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Leroy Carhart

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NEWS
November 8, 2000 | From Associated Press
The doctor at the center of a U.S. Supreme Court case over what abortion foes call "partial-birth" abortions is trying to head off eviction from his clinic. In May, a partnership of three people opposed to abortion, including state Sen. Paul Hartnett of Bellevue, bought the building used by Dr. LeRoy Carhart. They want to evict Carhart, who is one of only three doctors in Nebraska known to perform abortions.
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NATIONAL
May 27, 2012 | By Alison Knezevich
ROCKVILLE, Md. The fliers first showed up in March, dropped on doorsteps of the big homes in Todd Stave's quiet cul-de-sac. They compared him to a Nazi. Two months later and 50 miles away, new anti-abortion leaflets appeared in another peaceful suburban subdivision where Stave's in-laws lived. Bearing the same bloody images, the leaflets asked neighbors to pray for the family and to call or visit their home. Protesters also showed up at his daughter's middle school. Stave, 44, son of a doctor who performed abortions and whose office was once firebombed, decided to fight back.
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NATIONAL
May 27, 2012 | By Alison Knezevich
ROCKVILLE, Md. The fliers first showed up in March, dropped on doorsteps of the big homes in Todd Stave's quiet cul-de-sac. They compared him to a Nazi. Two months later and 50 miles away, new anti-abortion leaflets appeared in another peaceful suburban subdivision where Stave's in-laws lived. Bearing the same bloody images, the leaflets asked neighbors to pray for the family and to call or visit their home. Protesters also showed up at his daughter's middle school. Stave, 44, son of a doctor who performed abortions and whose office was once firebombed, decided to fight back.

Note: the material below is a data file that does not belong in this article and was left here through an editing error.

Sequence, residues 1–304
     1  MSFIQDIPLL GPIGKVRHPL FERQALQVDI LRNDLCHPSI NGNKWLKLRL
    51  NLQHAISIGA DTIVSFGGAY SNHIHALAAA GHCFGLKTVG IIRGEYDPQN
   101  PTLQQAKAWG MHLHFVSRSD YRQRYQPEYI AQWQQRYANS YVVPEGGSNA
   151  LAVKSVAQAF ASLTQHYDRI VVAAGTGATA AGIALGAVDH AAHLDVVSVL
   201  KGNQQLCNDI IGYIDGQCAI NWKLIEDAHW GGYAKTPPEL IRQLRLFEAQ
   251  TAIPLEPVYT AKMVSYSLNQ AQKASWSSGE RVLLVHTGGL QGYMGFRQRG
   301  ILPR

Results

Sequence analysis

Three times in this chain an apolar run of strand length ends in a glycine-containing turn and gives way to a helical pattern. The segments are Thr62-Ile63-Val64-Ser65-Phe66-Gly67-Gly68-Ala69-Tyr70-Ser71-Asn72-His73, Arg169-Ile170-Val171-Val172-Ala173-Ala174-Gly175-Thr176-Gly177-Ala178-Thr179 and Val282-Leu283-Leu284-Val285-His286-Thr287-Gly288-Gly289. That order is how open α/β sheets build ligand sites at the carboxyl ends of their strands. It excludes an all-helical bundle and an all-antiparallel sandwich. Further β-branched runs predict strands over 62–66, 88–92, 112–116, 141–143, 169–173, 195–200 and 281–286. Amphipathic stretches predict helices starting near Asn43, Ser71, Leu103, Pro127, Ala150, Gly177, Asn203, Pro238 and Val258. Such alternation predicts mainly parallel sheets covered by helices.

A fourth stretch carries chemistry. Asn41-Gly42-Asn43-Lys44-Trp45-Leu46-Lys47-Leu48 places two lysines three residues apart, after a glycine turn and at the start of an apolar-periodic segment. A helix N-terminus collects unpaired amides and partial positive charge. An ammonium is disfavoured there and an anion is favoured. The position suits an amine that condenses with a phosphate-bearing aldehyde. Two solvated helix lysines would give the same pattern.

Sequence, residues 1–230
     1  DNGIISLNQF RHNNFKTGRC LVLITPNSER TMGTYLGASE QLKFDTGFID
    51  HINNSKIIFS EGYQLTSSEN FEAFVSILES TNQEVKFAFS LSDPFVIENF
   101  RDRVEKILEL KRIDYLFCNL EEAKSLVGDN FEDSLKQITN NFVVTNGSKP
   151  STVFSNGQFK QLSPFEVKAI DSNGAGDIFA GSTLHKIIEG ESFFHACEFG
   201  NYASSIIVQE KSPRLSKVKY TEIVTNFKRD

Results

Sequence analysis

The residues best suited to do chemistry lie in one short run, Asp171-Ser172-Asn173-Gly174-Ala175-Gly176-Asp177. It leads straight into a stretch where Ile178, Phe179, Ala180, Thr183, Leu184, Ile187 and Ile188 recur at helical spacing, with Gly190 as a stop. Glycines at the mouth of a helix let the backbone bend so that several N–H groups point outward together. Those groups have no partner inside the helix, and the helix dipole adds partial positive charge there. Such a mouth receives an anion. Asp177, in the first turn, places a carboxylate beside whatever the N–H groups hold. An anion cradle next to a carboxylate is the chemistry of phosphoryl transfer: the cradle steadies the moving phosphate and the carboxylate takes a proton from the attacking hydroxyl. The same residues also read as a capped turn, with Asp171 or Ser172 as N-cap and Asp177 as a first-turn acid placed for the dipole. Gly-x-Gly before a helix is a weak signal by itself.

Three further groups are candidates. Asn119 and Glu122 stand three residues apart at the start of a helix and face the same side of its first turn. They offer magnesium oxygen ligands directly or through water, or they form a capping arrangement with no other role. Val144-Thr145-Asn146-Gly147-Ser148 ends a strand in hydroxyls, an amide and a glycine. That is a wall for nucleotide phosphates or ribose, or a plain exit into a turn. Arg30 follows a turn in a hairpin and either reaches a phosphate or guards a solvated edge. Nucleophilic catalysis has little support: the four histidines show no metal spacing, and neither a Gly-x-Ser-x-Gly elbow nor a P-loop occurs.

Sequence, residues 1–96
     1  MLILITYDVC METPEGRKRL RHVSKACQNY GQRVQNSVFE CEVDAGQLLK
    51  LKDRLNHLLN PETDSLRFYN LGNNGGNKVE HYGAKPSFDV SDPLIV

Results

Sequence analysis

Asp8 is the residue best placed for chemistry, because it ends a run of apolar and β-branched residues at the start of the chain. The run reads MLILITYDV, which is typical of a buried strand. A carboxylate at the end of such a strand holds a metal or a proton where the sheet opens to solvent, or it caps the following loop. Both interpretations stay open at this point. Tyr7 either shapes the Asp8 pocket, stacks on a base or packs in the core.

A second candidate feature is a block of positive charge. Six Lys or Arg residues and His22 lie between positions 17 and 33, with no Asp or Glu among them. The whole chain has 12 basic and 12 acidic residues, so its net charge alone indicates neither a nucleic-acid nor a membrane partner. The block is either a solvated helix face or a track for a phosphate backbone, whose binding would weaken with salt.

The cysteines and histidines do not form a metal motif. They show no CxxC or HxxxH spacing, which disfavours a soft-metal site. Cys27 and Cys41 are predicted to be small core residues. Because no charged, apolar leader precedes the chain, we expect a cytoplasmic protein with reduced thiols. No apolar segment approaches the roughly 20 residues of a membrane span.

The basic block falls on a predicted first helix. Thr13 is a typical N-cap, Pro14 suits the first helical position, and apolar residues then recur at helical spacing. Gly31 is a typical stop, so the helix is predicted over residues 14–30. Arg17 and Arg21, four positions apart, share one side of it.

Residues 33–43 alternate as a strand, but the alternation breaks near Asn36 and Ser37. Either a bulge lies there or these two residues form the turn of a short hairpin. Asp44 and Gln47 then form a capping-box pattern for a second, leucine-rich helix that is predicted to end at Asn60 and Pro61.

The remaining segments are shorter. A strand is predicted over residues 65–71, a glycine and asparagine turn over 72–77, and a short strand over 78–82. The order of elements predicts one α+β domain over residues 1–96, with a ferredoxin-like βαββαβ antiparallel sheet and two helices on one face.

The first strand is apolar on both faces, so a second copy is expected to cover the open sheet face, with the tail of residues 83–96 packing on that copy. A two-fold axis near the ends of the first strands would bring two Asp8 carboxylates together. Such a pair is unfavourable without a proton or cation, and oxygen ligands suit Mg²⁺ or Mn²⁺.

NEWS
November 8, 2000 | From Associated Press
The doctor at the center of a U.S. Supreme Court case over what abortion foes call "partial-birth" abortions is trying to head off eviction from his clinic. In May, a partnership of three people opposed to abortion, including state Sen. Paul Hartnett of Bellevue, bought the building used by Dr. LeRoy Carhart. They want to evict Carhart, who is one of only three doctors in Nebraska known to perform abortions.
NATIONAL
June 11, 2009 | Times Wire Reports
An Omaha doctor said he would perform third-term abortions in Kansas after the slaying there of abortion provider Dr. George Tiller, but would not say whether he would open a new facility or offer the procedure at an existing practice. Dr. LeRoy Carhart spoke one day after Tiller's family decided not to reopen his Wichita clinic. Carhart declined to discuss his plans in detail during a telephone interview. Tiller's clinic was one of the few facilities in the country that performed third-trimester abortions.
NEWS
January 7, 2000 | DAVID G. SAVAGE, TIMES STAFF WRITER
The latest battles in the culture war will be fought at the Supreme Court, starting today. The justices will meet this morning for the first time after their holiday recess to consider a highly charged set of appeals, including whether the Boy Scouts can exclude openly gay individuals and whether states can outlaw "partial-birth" abortions. The court is expected to announce later today its decision on hearing several of these new cases.